Liddy laughs when he thinks of the way Dye made others laugh so often and so easily. “One time, when I was walking into a dinner at some function with Pete and Alice, Alice turned to me and asked, ‘How should I introduce you to people tonight?’ As Tim Liddy? Or as G**dammit Liddy, because that all I have ever heard Pete call you?’” he recalls.
Pete Dye was a singular soul, to be sure, and his death leaves a void that is best filled with memories of the man whose life was very well led.
He was born Paul Dye Jr. on December 29, 1925, in Urbana, Ohio, which is just north of Dayton. Unlike his father, Paul Francis, who was also known as Pink due to his red hair, the youngster had no middle name or initial. People began calling him P.D., in part as a way of differentiating him from his father. Eventually, P.D. became Petey and then Pete.
Pink Dye was an insurance salesman and also an avid golfer who built a nine-hole course on his family’s farm. Pete learned to play on that track, which became the centerpiece of the Urbana Country Club, and swung his first golf club there when he was 5 years old. Soon after, he was mowing greens and fairways, and by the time he was 15, Pete had assumed the title of greenskeeper. Along the way, Dye became an accomplished enough player to win the Ohio High School Golf Championship. As an adult, he qualified for five U.S. Amateurs, one British Amateur and one U.S. Open.
Dye joined the Army during World War II and after basic training was stationed first at Fort Benning in Georgia and then Fort Bragg in North Carolina. While at Fort Bragg, he often made the trek to nearby Pinehurst to play golf, one time teeing it with the architect of resort’s fabled No. 2 course, Donald Ross. When his hitch was up, he moved instead to Florida, where he met a Hoosier who was studying at Rollins College outside Orlando. Her name was Alice Holliday O’Neal, and she, too, was a strong golfer who had won the Indiana Women’s Amateur and was playing on the Rollins golf team. It wasn’t long before they started dating. Alice headed back to her home in Indianapolis after graduating in 1948. Pete joined her there a year later, and they married on Groundhog Day in 1950.
Two years later, she gave birth to their first child, Perry O’Neal, whom they named after Alice’s father. At that point, Pete was prospering as an insurance agent for Connecticut Mutual and had become one of the company’s top producers. In fact, Connecticut Mutual was so pleased with his work that its top executives were preparing to give him an entire agency to run. But Pete had other ideas, and that was to make a living as a course designer. Alice fully supported the idea and was looking forward to assisting him in his new endeavor even as she raised Perry and a second boy born in 1955, P.B. (for Paul Burke). But Pete’s bosses at the insurance underwriter were so distraught with his decision that they sent a psychologist to try and get him to reconsider.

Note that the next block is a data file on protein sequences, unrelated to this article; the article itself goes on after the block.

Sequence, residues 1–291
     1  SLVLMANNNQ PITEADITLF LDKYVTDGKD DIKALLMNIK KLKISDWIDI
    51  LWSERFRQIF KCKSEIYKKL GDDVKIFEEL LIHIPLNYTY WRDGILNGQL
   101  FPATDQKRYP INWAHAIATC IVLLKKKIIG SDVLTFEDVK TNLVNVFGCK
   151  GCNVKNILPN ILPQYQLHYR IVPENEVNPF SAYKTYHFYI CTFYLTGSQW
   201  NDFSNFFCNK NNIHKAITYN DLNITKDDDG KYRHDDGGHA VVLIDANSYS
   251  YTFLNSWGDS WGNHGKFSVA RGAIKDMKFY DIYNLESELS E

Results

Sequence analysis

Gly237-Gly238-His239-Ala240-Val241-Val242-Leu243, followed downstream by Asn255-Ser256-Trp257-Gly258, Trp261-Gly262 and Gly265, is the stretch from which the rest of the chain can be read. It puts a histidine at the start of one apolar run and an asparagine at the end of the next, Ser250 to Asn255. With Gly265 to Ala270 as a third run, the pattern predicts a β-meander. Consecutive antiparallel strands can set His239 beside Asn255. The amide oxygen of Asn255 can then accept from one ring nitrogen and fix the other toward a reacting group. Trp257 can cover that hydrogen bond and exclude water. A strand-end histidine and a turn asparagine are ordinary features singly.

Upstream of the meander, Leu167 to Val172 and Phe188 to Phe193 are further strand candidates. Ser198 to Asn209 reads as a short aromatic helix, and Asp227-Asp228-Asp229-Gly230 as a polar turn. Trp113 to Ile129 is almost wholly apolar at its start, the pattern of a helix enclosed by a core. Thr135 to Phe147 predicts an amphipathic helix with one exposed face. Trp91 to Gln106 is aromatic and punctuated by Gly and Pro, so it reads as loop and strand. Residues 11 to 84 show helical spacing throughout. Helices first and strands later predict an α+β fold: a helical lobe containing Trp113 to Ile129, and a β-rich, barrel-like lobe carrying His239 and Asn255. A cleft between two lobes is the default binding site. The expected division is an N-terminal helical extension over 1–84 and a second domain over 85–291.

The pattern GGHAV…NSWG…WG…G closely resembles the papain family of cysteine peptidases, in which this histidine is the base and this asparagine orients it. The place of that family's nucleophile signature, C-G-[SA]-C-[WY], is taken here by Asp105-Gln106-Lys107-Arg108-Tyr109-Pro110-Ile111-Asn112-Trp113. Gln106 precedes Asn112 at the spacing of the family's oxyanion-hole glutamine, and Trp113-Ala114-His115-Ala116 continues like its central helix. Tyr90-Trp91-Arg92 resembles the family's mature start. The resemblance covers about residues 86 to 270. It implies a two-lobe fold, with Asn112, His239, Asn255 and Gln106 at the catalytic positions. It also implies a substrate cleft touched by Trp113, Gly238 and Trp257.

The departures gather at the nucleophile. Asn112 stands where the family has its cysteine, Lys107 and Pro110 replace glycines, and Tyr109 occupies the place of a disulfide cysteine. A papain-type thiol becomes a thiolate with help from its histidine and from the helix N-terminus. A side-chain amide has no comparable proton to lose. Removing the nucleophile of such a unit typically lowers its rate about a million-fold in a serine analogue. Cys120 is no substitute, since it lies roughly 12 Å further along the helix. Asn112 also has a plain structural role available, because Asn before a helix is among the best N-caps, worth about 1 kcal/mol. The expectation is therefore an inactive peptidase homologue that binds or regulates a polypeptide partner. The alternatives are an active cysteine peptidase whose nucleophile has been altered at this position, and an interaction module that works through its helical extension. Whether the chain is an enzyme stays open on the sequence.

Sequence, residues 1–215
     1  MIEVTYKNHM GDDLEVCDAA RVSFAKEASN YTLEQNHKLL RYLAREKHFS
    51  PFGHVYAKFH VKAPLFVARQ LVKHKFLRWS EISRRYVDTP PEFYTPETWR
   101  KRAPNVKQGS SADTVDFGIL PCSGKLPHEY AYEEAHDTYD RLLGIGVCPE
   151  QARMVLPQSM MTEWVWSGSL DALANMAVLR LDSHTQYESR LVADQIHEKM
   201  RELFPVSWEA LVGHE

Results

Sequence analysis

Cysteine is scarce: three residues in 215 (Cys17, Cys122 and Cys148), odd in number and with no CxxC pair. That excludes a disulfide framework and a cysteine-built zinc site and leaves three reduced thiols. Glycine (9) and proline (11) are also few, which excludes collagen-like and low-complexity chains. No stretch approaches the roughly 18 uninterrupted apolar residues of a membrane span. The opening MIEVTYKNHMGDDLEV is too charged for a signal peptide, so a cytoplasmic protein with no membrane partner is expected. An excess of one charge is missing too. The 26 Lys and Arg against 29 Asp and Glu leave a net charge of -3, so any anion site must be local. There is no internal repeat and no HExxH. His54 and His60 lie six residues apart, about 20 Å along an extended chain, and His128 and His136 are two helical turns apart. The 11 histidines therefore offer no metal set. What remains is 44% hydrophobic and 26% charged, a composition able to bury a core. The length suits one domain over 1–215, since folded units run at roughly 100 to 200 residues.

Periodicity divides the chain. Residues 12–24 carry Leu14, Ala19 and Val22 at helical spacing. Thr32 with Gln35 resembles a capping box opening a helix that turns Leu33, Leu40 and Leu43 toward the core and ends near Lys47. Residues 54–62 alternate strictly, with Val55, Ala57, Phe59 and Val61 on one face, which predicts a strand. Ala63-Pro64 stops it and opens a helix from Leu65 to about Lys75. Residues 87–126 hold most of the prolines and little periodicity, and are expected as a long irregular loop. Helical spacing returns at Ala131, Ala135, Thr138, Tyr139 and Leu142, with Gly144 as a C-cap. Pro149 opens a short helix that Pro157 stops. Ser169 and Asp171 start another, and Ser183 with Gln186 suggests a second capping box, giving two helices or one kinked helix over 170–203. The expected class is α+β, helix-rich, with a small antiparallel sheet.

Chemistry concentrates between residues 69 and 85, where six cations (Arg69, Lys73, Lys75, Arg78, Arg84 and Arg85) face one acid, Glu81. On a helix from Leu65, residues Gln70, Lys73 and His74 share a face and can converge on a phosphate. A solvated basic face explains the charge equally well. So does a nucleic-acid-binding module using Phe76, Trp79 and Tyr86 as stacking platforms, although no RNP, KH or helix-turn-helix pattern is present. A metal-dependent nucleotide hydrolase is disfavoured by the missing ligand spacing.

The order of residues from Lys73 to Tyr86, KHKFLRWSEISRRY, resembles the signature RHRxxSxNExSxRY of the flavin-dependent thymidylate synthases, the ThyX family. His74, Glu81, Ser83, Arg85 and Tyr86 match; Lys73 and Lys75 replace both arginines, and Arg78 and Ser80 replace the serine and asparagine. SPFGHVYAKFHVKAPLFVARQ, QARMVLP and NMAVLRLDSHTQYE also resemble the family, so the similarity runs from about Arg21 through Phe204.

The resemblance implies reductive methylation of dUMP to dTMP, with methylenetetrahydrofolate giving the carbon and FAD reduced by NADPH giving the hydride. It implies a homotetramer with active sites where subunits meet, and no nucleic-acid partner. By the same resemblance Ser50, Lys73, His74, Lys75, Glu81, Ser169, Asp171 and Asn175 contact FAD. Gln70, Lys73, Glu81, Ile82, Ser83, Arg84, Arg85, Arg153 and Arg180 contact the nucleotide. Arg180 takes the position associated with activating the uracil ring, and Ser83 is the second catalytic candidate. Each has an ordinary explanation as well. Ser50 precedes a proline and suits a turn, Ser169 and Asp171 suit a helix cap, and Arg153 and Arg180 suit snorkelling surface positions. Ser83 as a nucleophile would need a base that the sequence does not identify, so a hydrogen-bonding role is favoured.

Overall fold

The first course Pete and Alice designed was the El Dorado Golf Club, a nine-holer that opened just north of Indianapolis in 1961. A year later, they built their first 18-hole course, at a place called Heather Hills, and their business grew from there. Today, they are recognized for having designed more than 100 courses around the world. And while Pete always got top billing, Alice was there every step of the way. “She was his partner, his critic and his sidekick,” says Weed.
Years ago, I asked Pete whether he considered himself an architect or a designer, and he responded right away. “Architects need to have degrees,” he said. “They have to be able to make plans and drawings. But I am not a drawer, and the only degrees I have are honorary ones. I did not finish high school. I did not finish college. My scholastic background is pretty thin, and I am too dumb to be an architect.”
But he was one hell of a designer. As a rule, he utilized different angles of attacks on his golf holes and did his utmost to create dramatic ground contours on his courses. Many of his works boasted Old World features, thanks to the lifelong influence of a trip he took to Scotland in 1963 to play in the British Amateur on the Old Course at St. Andrews, and subsequent journeys to the ancestral home of golf. He liked pot bunkers, small greens and undulating fairways, and he loved tempting players to take the risks he often presented to them. And he was not afraid to reinvent himself. In fact, he did that a few times in his career, and took golf course design with him.
The results were in most cases masterpieces. And those courses along with all the designers and architects he mentored along the way will stand as monuments to the man as well as his work.
May Pete Dye rest in peace.
Pete Dye during the final round of the 2012 U.S. Women’s Open at Blackwolf Run. Photo: John Mummert, USGA